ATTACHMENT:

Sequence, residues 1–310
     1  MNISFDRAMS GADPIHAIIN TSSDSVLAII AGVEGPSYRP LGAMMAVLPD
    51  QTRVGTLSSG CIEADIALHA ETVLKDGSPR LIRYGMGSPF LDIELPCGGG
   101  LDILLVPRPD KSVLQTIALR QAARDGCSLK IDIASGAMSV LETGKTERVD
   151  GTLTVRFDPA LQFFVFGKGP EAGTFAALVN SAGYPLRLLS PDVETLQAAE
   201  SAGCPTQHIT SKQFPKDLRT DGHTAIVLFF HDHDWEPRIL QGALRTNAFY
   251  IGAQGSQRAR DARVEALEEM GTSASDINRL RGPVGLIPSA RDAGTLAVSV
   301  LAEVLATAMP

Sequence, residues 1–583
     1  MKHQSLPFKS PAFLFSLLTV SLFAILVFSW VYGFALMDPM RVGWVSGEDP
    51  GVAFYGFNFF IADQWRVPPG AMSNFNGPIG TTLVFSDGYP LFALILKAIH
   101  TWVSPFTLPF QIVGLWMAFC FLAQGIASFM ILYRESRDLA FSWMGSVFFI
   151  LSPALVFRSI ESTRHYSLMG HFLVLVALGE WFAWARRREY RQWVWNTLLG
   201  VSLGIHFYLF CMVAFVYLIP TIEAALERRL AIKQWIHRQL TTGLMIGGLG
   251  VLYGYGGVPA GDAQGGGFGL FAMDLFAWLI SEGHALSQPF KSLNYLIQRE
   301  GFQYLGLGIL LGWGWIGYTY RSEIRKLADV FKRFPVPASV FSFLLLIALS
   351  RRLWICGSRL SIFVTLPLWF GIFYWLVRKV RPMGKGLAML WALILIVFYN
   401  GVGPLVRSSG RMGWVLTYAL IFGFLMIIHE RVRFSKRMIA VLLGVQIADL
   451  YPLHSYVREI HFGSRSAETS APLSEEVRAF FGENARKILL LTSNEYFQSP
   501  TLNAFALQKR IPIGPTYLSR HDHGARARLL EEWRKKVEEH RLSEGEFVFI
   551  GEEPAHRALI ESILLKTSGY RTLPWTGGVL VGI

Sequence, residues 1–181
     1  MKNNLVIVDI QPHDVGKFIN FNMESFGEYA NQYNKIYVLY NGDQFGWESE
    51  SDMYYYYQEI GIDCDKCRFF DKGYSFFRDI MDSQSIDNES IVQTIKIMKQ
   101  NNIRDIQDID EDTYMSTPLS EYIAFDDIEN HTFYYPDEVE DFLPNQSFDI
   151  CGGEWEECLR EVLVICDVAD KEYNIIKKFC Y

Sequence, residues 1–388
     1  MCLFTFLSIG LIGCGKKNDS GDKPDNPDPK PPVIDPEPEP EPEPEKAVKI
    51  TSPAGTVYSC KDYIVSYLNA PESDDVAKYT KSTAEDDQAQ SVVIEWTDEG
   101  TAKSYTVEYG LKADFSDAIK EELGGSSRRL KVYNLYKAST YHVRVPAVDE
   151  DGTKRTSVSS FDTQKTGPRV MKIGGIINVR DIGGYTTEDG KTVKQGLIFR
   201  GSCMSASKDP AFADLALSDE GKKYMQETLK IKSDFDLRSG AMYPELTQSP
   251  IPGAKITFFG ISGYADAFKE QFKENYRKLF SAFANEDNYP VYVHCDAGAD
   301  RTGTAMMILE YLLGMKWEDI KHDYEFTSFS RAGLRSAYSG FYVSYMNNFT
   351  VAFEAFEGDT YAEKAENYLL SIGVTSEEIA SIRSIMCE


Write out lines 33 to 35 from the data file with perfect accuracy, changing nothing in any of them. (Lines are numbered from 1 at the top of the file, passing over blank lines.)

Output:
   251  IPGAKITFFG ISGYADAFKE QFKENYRKLF SAFANEDNYP VYVHCDAGAD
   301  RTGTAMMILE YLLGMKWEDI KHDYEFTSFS RAGLRSAYSG FYVSYMNNFT
   351  VAFEAFEGDT YAEKAENYLL SIGVTSEEIA SIRSIMCE